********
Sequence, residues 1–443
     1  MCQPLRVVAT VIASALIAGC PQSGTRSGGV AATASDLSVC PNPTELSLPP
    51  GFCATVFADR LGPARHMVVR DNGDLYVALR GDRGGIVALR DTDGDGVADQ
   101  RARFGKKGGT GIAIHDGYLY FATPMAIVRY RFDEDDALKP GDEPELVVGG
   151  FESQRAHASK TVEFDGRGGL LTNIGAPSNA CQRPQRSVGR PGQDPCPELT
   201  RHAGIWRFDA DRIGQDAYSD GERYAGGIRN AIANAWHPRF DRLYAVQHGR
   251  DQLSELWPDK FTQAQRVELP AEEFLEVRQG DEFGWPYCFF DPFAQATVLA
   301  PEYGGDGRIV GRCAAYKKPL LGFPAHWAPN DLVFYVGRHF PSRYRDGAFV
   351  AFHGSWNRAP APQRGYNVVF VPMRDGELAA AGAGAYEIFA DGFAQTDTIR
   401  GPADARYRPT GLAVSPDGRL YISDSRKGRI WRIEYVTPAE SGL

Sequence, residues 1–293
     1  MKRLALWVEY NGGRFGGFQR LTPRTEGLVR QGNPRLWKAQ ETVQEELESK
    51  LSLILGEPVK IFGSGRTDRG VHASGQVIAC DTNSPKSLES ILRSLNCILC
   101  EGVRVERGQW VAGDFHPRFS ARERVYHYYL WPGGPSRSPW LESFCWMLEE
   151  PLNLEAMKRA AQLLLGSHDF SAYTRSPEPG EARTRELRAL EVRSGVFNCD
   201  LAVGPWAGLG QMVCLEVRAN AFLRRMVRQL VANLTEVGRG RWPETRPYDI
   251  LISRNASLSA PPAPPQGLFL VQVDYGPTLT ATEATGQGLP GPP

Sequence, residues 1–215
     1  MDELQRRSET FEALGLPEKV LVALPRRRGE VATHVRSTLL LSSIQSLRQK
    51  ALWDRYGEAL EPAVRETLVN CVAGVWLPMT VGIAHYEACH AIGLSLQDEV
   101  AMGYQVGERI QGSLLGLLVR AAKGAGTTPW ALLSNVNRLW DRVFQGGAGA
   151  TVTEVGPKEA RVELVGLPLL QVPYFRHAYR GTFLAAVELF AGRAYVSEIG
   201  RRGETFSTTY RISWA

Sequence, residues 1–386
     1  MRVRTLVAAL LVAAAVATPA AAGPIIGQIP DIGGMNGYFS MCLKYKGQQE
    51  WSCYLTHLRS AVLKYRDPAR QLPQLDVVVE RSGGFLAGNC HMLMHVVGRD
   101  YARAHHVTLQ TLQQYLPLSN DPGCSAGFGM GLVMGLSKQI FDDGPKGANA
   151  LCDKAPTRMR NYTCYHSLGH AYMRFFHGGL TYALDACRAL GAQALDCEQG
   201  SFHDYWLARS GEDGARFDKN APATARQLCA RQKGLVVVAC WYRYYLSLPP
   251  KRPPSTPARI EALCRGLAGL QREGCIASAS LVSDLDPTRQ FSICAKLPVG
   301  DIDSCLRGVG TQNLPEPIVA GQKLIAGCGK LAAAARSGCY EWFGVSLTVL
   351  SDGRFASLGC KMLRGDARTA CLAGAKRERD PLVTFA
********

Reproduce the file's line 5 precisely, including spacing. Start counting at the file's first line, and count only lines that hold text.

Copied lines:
   151  FESQRAHASK TVEFDGRGGL LTNIGAPSNA CQRPQRSVGR PGQDPCPELT